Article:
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## Shapes of Cost Curves

Shapes of Total Variable Cost and Total Cost Curve

Marginal cost is the slope of total variable cost curve and total cost g p curve. Given that MC is U-shaped, it follows that total variable cost increases at a decreasing rate upto a certain output rate (in our example, 1.5 units of output, denoted by point G on the TVC curve); beyond that f d db h C ) b d h output, total variable costs increase at an increasing rate. This later characteristic of total variable cost function follows from the law of di i i hi l f diminishing marginal returns. At small l i l t ll levels of output, l f t t increases in the employment of variable inputs may result in increases in their productivity, so the total variable costs increase with output at a decreasing rate. Once diminishing returns set in, though, variable costs increase with output at an increasing rate. h Finally, total costs are the sum of TFC and TVC. TC curve is derived by adding the total fixed costs to the total variable costs at each level of output. The t t l cost curve and t t l variable cost curve h t t Th total t d total i bl t have the th same shape, since they differ by only a constant amount, which is total fixed cost. 18

Quick Activity - 1
(a) Consider the total cost function of an engineering firm: TC = 100 + 50Q 11Q2 + Q3

Comment on the shapes of the TFC, TVC, AFC, AVC, AC and MC p , , , , curves.

(b) Examine the validity of the following statement: I am currently producing 10,000 copies per day at a total cost of Rs.500. If I produce 10,001 copies my total cost will rise to Rs.500.11. Therefore, my marginal cost of producing copies must be increasing.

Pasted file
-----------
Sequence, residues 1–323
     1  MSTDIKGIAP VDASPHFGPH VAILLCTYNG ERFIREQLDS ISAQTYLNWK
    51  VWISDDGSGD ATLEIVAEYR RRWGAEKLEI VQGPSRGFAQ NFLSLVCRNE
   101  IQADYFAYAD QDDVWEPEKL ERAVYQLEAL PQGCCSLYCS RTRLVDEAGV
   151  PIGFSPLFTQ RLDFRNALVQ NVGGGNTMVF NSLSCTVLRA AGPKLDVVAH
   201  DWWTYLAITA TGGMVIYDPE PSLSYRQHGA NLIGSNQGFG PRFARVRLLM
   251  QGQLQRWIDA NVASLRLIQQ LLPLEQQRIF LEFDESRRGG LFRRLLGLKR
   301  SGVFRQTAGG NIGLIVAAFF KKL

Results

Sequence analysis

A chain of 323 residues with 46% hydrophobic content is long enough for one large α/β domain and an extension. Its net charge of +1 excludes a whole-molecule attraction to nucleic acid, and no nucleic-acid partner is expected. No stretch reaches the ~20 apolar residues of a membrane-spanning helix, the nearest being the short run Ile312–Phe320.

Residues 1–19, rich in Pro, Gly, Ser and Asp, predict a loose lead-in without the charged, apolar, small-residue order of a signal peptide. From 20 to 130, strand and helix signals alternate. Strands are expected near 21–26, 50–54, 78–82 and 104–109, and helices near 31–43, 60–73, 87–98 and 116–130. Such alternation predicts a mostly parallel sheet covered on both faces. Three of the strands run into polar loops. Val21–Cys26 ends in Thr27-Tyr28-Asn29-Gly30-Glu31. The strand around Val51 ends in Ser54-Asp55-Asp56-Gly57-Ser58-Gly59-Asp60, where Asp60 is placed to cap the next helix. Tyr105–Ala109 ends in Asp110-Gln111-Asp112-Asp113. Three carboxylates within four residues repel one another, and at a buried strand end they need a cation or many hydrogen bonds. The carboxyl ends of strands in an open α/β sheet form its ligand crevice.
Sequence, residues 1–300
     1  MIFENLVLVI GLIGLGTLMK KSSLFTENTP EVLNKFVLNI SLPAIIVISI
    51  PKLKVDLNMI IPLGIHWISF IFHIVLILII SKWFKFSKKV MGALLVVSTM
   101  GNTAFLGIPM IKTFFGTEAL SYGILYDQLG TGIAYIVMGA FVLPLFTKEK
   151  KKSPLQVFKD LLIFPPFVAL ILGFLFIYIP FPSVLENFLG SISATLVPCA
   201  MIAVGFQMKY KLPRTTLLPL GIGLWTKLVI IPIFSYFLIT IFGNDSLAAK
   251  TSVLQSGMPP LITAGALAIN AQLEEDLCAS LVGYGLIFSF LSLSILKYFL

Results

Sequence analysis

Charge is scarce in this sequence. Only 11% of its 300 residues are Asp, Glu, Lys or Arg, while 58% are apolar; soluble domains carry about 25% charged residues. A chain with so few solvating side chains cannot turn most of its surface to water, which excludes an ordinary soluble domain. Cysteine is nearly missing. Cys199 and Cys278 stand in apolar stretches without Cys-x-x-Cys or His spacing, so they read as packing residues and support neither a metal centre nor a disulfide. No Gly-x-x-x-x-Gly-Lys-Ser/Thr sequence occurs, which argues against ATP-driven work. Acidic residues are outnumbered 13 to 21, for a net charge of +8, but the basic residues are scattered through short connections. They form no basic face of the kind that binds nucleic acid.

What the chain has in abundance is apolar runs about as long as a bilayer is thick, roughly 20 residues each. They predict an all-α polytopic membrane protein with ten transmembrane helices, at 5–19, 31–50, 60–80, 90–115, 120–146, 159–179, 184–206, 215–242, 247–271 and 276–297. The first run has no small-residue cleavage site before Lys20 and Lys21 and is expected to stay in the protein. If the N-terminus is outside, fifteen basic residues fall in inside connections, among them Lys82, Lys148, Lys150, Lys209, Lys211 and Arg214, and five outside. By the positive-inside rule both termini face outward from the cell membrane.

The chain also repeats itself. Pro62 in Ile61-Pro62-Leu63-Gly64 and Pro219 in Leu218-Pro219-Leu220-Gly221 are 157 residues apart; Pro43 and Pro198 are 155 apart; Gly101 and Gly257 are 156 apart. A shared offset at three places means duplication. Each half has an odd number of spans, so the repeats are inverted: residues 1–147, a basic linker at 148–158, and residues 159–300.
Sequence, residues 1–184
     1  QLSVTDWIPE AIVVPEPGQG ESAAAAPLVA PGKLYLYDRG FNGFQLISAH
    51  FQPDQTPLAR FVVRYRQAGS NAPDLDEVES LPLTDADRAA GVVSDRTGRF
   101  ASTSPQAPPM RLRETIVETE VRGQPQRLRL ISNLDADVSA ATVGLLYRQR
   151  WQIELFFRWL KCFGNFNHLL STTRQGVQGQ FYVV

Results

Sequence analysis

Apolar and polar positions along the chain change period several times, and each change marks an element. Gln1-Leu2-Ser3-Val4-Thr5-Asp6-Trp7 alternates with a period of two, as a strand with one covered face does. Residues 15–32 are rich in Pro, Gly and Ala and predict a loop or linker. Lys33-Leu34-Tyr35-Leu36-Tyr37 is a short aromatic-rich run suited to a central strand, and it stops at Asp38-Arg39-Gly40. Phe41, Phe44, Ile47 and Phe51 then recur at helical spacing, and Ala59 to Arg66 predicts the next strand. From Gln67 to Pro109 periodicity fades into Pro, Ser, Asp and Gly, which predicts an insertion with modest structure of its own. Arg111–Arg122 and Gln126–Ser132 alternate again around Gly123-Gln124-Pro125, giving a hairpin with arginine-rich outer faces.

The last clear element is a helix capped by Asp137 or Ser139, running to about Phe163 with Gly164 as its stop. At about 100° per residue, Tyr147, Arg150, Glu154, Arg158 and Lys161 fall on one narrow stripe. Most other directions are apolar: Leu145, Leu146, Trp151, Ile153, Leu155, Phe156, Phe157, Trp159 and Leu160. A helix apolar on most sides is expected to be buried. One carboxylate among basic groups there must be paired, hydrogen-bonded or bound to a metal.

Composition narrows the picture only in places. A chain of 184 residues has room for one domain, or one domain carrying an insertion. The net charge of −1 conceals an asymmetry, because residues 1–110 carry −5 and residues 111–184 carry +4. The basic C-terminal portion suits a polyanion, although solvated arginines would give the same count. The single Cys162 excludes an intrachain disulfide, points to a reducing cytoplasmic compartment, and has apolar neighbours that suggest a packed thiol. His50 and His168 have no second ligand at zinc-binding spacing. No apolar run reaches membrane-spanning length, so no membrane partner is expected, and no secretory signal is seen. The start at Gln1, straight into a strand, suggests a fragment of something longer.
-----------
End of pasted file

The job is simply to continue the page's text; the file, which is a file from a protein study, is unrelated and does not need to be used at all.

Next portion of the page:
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## Short Run and Long Run

Short run: Some inputs are fixed (e.g., factories, land). The costs of these inputs are FC. Long run: All inputs are variable (e.g., firms can build more factories, or sell existing ones). The only costs are VC. While operating in the short run, the firm must continually be planning ahead and deciding its strategy in the long-run. Its decision concerning the long run determine the sort of short-run position that the firm will occupy in the future. For example, before the IBM Corporation makes the decision to add a new type of product to its line the firm is in a long-run situation, since line, long run situation it can choose among a wide variety of types and sizes of equipment to produce the new product. But once the investment is made, IBM is confronted with a short-run situation, since the type and size of short run situation equipment are, to a considerable extent, frozen.
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## Long Run Average Cost

Firm can choose from 3 plant sizes: S, M, L. Each size has , , its own SAC curve. The firm can change to a different plant size in the l diff t l t i i th long run, but not in the short run. In the short run, given the run level of plant size (K), the firm is stuck to one of these curves. However curves However, in the long run, the firm is free to choose the level of K that minimizes the cost for a particular level of output.

AC
ACS ACM ACL

Q